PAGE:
The stars have aligned and now I’m reading the book and watching ALL the movies, starting with the original. A very young Richard Dreyfus stars in this movie, alongside Roy Schneider and Robert Shaw. This story also features the New York town of Amity. I know.

It’s the classic tale of Man vs Beast and reminded me a bit of Ernest Hemmingway’s The Old Man and the Sea, and if I ever get around to reading it, we’ll throw Moby Dick in this category too.

Toss in a Mayor who wants to do what’s best for the town’s economy and ignores the issue and you have a scene for a killer great white shark. To me, Jaws is firmly set in the land of classic books, and the movie does justice to the book. In fact the movie is probably now a classic itself.

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C is for Corpse by Sue Grafton

C is for Corpse  (Kinsey Millhone, #3)C is for Corpse by Sue Grafton
My rating: 4 of 5 stars

Kinsey is back working out the kinks from what happened in the last book. I like this subtle continuation of the series, it links back to the previous book without need to explain or read the entire previous book.

I was also happy to see that no new love interests inserted themselves into Kinsey’s life, a nice break from the previous two books. But! Someone else who is a staple in this series has a brief interlude with love. We also meet more of the neighbors, which I liked.

This plot line kept me guessing until the very end. I kept trying to put two and two together and kept coming up with three. I like these kinds of books too, that way the ending is a surprise!

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[Netflix] Movie Review – Gothika

“A repressed female psychiatrist wakes up as a patient in the asylum where she worked, with no memory of why she is there or what she has done.”

I really don’t know why I don’t have this movie on DVD. Every time I find it on TV or Netflix I watch it. It has slowly become a favorite movie of mine. It stars Halle Berry, Robert Downey Jr., and Penelope Cruz.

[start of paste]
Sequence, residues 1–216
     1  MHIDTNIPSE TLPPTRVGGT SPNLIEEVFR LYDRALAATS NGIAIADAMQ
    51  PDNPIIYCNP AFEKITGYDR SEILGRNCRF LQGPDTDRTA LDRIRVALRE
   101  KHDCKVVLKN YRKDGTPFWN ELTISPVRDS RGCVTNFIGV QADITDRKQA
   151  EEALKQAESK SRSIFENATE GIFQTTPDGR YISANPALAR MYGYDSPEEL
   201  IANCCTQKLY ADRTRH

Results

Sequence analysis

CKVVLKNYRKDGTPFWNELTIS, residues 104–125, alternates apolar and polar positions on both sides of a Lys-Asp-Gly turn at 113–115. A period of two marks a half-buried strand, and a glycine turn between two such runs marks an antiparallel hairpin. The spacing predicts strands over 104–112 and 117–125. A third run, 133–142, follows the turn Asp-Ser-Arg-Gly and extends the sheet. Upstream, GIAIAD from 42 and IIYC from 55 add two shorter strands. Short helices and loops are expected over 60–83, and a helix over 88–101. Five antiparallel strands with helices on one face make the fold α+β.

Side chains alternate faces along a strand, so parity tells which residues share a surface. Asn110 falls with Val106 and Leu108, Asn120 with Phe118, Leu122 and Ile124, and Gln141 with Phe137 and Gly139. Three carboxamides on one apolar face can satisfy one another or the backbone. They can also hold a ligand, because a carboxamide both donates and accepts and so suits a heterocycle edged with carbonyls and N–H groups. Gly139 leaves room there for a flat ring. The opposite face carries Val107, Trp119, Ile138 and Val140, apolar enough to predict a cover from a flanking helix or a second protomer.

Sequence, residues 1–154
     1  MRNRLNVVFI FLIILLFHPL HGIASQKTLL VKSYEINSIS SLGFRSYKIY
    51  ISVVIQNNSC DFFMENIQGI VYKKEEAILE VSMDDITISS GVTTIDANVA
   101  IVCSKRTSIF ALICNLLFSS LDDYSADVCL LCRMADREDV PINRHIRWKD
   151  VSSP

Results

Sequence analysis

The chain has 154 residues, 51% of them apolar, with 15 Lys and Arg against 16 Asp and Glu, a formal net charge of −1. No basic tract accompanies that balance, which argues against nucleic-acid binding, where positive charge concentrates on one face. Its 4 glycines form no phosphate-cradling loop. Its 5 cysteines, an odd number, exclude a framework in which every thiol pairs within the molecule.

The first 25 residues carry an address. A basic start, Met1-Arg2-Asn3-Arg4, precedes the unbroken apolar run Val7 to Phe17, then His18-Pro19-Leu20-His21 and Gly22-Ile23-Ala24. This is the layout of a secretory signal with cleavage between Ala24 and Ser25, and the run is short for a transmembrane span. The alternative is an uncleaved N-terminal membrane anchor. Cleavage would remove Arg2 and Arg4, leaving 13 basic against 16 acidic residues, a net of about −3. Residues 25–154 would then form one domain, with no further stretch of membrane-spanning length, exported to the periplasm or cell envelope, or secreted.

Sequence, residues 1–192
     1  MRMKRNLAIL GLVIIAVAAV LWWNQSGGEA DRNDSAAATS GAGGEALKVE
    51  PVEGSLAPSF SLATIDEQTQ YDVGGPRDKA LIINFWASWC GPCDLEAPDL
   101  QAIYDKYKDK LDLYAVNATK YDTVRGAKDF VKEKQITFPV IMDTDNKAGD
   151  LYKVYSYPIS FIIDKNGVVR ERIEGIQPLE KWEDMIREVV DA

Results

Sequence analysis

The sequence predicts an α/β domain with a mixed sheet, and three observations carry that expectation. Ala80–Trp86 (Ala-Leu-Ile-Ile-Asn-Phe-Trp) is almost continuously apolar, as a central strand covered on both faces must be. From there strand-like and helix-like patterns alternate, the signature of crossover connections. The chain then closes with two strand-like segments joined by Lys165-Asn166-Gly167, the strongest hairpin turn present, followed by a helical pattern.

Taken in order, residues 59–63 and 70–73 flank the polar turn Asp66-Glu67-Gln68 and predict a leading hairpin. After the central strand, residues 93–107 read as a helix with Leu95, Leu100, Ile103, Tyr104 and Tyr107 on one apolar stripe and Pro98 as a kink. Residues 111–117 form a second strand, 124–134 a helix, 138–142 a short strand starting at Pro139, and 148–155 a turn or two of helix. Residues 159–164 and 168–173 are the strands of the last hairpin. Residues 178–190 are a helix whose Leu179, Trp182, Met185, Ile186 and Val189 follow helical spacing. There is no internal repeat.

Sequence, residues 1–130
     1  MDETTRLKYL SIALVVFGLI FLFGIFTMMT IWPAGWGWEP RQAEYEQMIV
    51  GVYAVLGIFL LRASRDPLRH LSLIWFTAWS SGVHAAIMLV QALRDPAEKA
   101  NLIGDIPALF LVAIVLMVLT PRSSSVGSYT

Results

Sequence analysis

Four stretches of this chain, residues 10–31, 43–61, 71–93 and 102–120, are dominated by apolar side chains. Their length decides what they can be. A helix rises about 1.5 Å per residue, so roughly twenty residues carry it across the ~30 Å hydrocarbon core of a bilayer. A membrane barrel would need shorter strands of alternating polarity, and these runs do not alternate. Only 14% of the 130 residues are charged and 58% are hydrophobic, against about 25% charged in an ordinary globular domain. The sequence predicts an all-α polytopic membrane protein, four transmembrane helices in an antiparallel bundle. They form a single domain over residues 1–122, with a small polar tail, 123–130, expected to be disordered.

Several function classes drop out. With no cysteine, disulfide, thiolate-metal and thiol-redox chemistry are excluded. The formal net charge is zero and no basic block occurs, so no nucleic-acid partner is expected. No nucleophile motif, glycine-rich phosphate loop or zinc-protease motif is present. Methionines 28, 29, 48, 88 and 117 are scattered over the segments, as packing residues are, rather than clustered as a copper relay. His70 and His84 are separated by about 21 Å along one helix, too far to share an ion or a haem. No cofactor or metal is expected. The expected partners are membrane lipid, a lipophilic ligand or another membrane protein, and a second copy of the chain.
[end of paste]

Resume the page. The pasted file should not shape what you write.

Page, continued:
I love how everything starts out seemingly normal, well normal for a mental asylum? I’m not sure what the PC nomenclature for such places are at the moment. It’s a home for the criminally insane. There that’s what it is. Anyway.

I love how it starts normal, goes completely insane(!), and then finally the end brings a sense of “everything happens for a reason”.

It’s a creepy, dark movie, and I happen to love creepy, dark movies.

Full Dark, No Stars by Stephen King

Full Dark, No StarsFull Dark, No Stars by Stephen King

My rating: 4 of 5 stars

Stephen King is firmly lodged in the section marked “Sarah’s All Time Favorite Authors”, but what lured me to this short story collection was the fact that two of the short stories have been made into Netflix Originals; 1922 and Good Marriage.

I will also admit to watching 1922 before reading 1922. And…the movie follows the book closely. Like, really closely. I can’t think of anything that wasn’t in the book that isn’t in the movie (did that make sense?).

The other short stories are easily just as good even if they weren’t made into Netflix Originals (thought they probably could be). I related to “Big Driver”, as I try my hand at writing every now and again and have cats myself. Fair Extension is an interesting read, and I’m slapping myself for missing Good Marriage while it was on Netflix. I think I would have enjoyed it too.